On Sunday, an international coalition of media published a damning investigation into British bank HSBC. Files leaked by an HSBC employee show that its Swiss branch helped conceal billions of dollars of assets belonging to convicted felons and arms traffickers.
Almost ten percent of the suspect accounts belonged to Americans. Several of those named in reports have ties to South Florida.
Unsurprisingly, the two Miami residents mentioned are celebrities: Elle MacPherson and Christian Slater.
For decades, wealthy Americans hid their assets in foreign -- often Swiss -- bank accounts to avoid paying taxes. Despite agreements in the 1990s to crack down on the practice, it's only in the past five years that tax dodgers have been aggressively prosecuted.
(American citizens must now declare funds held in overseas bank accounts. Failure to do so is a felony.)
Sunday's investigation -- jointly published by the Guardian, CBS 60 Minutes, Le Monde, and the International Coalition of Investigative Journalists -- shows how the bank helped clients break the law as recently as 2008.
HSBC's private bank in Switzerland conspired with clients to keep "black" accounts hidden from tax authorities. Bank executives also provided clients with huge blocks of cash so that they could mail chunks back to the U.S. -- skirting taxes.
Two Miami residents are featured in ICIJ's report on the leaks, although neither is explicitly accused of wrongdoing.
Elle MacPherson, the supermodel who recently married local billionaire real estate mogul Jeffrey Soffer, was connected to seven HSBC accounts.
She was beneficial owner of five of them. The other two, under the names of "Elle MacPherson Capital A/C" and "Elle MacPherson income A/C" do not specify the exact role that she had in relation to the accounts. The four client accounts still operative in 2008 were linked to 25 bank accounts that together held as much as $12.2 million in 2006/2007. Three of the accounts for which she was the beneficial owner were closed in 2000, 2001 and 2004.
MacPherson's lawyers told ICIJ that "Ms MacPherson is an Australian citizen who has accounted for UK tax on the basis of full disclosure in accordance with UK law."
While MacPherson's Swiss accounts were lucrative, Christian Slater's seem to have been less serious. The Miami-based actor was linked to an account named "Captain Kirk," according to the ICIJ. It was opened in 1996 and closed a year later.
Reports on the leaked files also mention two other men with ties to South Florida, both powerful South American politicians.
Álvaro Noboa is an Ecuadorian billionaire who owns many brands, including Bonita bananas. He has also run unsuccessfully for president on five occasions. In 2013, he mysteriously appeared in Miami after an Ecuadorian court issued a $102 million order against him.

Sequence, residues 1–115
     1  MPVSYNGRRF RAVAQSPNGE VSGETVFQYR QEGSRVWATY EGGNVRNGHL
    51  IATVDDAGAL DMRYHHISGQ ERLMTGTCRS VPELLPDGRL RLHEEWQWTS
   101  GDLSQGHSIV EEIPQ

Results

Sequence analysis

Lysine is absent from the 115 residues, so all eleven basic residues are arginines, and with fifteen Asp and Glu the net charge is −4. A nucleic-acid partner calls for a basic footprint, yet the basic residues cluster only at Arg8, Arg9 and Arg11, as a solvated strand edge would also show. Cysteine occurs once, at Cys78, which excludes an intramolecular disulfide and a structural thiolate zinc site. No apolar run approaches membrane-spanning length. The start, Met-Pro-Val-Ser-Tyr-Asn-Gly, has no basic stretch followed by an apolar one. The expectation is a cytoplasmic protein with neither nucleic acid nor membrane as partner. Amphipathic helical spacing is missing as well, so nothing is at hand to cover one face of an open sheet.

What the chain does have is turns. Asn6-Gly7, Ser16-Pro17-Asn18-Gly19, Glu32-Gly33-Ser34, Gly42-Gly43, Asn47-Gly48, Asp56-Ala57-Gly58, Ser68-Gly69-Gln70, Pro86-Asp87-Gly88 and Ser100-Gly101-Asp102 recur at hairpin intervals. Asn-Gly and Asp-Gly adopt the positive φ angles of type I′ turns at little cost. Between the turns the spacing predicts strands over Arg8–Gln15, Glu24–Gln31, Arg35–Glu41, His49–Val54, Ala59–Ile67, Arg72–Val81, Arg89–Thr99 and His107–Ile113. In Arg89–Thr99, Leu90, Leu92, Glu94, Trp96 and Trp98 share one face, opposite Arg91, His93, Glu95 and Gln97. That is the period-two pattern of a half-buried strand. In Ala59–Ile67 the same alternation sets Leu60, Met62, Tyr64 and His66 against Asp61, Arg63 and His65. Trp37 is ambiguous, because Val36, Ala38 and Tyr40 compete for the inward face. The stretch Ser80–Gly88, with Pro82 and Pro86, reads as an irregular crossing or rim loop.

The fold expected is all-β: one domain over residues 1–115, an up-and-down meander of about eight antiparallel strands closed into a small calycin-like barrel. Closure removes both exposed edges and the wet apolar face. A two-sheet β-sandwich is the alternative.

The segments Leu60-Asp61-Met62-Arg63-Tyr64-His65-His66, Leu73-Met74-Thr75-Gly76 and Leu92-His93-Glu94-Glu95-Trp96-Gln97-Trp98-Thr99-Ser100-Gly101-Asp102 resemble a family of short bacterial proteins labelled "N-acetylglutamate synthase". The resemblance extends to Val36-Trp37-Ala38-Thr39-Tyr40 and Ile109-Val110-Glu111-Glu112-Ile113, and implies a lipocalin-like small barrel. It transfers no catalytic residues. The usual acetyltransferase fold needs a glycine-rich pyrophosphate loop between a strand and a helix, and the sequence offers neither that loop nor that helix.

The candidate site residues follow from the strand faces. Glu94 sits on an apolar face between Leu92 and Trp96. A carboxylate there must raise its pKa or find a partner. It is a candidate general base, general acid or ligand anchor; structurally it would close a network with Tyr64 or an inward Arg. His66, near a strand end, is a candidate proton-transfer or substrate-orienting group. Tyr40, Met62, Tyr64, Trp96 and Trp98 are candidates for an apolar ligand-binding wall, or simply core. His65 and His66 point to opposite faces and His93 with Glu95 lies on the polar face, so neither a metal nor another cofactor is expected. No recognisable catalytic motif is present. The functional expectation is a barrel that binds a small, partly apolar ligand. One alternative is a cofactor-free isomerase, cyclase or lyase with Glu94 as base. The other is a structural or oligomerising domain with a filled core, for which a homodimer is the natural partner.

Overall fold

"The Guayaquil-based tycoon was a beneficial owner of an HSBC client account started in 2006, under the name Fruit Shippers Limited, which listed postal addresses in Bermuda and the United States," according to ICIJ. "Fruit Shippers Limited is the name of a company in which Noboa is the controlling shareholder. The maximum amount in the account in 2006/2007 was $92.1 million."
The last figure to have a shady tie to a Swiss bank account is Alejandro Andrade. A former bodyguard to Hugo Chávez, Andrade served as Venezuela's national treasurer from 2007 to 2010 and president of the Economic and Social Development Bank of Venezuela (Bandes) between 2008 and 2010.
During Andrade's tenure at Bandes, the bank was involved in a $66 million brokerage firm scandal that sent four people to prison.
Andrade currently lives in Wellington in Palm Beach County, according to ICIJ, and has invested in show horses.
"Andrade was listed by the HSBC records as an attorney for the client account of the Venezuelan Treasury Office under the Ministry of Finance in 2007, when he assumed the position of national treasurer," according to ICIJ. "The Treasury Office became an HSBC client in 2005 and held an account under the name of the governmental institution. The Treasury client account listed three bank accounts that together held as much as $698 million in 2006/2007. At least six of the other seven clients linked to this account were also Venezuelan officials who worked for the Treasury Office."
Slater, Noboa, and Andrade all declined to comment for ICIJ's report on the leaked HSBC files.
We Believe Local Journalism is Critical to the Life of a City
Engaging with our readers is essential to Miami New Times's mission. Make a financial contribution or sign up for a newsletter, and help us keep telling Miami's stories with no paywalls.
Support Our Journalism
Follow Miami New Times on Facebook.